;; Got answer:
    ;; ->>HEADER<<- opcode: QUERY, status: NOERROR, id: 688
    ;; flags: qr aa rd ra; QUERY: 1, ANSWER: 1, AUTHORITY: 1, ADDITIONAL: 2
    
    ;; OPT PSEUDOSECTION:
    ; EDNS: version: 0, flags:; udp: 4096
    ;; QUESTION SECTION:
    ;desktop01.serverlab.intra.     IN      A
    
    ;; ANSWER SECTION:
    desktop01.serverlab.intra. 86400 IN A 172.30.0.200 ;; AUTHORITY SECTION: serverlab.intra. 86400 IN NS ns1.serverlab.intra. ;; ADDITIONAL SECTION: ns1.serverlab.intra. 86400 IN A 172.30.0.60 ;; Query time: 1 msec
    ;; SERVER: 172.30.0.60#53(172.30.0.60) ;; WHEN: Fri Jan 17 23:28:17 CST 2014 ;; MSG SIZE rcvd: 104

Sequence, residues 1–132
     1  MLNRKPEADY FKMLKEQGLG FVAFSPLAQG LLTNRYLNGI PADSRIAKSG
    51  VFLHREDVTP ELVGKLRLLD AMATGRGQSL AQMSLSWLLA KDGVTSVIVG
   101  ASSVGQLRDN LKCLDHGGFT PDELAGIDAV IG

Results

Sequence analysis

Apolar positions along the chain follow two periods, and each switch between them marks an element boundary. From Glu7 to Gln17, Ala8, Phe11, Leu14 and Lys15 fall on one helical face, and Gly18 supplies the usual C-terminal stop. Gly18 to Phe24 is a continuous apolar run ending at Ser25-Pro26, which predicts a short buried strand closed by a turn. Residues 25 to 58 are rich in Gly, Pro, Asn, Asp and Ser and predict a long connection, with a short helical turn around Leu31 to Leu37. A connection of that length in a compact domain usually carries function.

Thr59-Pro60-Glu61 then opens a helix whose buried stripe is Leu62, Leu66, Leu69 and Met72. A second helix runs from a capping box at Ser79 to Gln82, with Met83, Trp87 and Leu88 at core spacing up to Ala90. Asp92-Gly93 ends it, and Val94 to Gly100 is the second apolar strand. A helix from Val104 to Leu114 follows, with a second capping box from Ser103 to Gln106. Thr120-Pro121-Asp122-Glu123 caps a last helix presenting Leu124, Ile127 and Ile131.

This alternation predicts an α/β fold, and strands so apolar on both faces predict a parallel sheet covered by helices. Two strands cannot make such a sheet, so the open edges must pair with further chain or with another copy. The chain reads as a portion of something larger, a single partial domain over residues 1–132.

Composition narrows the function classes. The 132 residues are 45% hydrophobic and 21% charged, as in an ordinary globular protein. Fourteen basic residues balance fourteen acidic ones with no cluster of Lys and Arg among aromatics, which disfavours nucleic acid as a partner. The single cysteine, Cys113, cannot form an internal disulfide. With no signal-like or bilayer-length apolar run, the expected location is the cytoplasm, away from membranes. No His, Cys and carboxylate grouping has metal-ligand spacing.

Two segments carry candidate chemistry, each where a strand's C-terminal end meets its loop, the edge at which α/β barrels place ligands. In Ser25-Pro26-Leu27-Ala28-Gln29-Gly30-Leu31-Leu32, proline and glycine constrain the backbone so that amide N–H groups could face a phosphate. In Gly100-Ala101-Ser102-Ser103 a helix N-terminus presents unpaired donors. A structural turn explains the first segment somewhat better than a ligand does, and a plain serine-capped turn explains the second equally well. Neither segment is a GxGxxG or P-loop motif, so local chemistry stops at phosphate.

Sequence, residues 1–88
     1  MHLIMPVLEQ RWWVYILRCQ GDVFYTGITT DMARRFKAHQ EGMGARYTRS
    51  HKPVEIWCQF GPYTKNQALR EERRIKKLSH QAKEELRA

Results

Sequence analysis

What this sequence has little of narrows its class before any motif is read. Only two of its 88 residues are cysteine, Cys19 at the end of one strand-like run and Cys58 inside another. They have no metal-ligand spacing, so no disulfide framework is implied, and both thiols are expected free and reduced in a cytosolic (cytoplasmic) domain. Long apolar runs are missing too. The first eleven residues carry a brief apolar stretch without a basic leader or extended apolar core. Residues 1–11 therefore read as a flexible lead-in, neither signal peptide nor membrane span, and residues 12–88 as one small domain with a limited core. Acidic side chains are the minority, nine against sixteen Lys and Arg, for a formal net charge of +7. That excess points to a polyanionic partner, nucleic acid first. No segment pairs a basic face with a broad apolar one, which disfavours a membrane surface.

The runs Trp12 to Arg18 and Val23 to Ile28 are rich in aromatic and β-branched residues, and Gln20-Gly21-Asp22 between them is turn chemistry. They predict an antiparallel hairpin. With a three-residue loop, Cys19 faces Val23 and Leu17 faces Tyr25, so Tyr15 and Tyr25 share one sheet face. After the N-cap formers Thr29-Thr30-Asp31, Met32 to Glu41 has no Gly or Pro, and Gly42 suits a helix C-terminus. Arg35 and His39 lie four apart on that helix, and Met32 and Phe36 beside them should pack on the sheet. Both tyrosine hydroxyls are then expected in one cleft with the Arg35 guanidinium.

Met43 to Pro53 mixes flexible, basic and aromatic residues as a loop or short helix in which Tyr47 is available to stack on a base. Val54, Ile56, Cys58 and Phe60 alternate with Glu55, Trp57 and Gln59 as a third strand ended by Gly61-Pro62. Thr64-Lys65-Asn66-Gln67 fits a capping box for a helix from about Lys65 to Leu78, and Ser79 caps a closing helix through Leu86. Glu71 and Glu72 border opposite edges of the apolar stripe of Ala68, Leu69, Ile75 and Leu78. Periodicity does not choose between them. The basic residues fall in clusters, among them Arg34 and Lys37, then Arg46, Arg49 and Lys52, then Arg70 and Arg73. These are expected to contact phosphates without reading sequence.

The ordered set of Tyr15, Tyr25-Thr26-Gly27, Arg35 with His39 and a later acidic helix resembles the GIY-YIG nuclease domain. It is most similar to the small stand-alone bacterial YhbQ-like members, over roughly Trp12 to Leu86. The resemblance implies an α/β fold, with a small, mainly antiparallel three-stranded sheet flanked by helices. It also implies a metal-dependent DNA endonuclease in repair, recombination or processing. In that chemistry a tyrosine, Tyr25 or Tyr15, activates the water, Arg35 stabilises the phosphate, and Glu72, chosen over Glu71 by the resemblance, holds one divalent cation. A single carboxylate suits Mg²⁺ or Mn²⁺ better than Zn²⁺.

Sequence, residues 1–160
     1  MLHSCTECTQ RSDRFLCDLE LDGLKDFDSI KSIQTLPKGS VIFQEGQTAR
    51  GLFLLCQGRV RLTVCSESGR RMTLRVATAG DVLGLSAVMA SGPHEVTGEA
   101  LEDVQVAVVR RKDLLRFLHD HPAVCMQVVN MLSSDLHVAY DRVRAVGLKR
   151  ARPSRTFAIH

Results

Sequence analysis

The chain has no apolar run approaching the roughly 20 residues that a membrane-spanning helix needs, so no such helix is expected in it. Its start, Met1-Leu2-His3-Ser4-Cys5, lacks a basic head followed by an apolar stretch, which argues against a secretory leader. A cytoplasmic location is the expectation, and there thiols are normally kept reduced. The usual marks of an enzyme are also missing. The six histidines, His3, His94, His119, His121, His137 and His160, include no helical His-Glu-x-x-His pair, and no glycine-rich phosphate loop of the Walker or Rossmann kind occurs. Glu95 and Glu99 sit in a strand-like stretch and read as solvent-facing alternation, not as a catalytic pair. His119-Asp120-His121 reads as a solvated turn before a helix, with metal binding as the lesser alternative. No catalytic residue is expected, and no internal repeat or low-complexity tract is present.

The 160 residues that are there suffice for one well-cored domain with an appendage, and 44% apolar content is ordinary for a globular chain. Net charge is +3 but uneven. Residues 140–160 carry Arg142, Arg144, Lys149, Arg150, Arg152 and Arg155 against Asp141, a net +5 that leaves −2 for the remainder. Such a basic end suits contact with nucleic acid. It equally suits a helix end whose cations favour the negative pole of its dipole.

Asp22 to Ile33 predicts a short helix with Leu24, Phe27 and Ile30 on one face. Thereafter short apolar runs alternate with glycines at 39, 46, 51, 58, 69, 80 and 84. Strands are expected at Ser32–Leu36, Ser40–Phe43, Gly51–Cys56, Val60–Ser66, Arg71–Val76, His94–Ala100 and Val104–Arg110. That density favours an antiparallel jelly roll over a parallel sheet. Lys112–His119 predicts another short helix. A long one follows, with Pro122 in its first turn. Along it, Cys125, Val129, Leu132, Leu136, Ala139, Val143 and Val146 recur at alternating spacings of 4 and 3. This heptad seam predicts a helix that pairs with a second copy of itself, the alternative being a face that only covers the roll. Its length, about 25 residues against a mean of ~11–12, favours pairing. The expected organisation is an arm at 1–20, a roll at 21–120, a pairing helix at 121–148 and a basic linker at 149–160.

Configure the Secondary DNS Server

  1. Log onto the secondary (slave) DNS server, NS2.
  2. Open the Bind configuration file into a text editor.
    sudo nano /etc/bind/named.conf
  3. Add a zone entry for our domain zone using the following configuration.
    zone "serverlab.intra" {
            type slave;
            master { 172.30.0.60; };
            file "/etc/bind/db.serverlab.intra";
    };
    
    Type Specifies the name server type - Master or Slave.
    Master Specifies the IP address of the master server.
    File Specifices the location of the replica zone database file.
  4. Save your changes and exit the text editor.
  5. Instruct Bind to reload it's configuration file.
    sudo service bind9 reload
  6. Our domain should not be downloading to our secondary server. Check that it exits by navigating to the location specified in Bind's configuration file.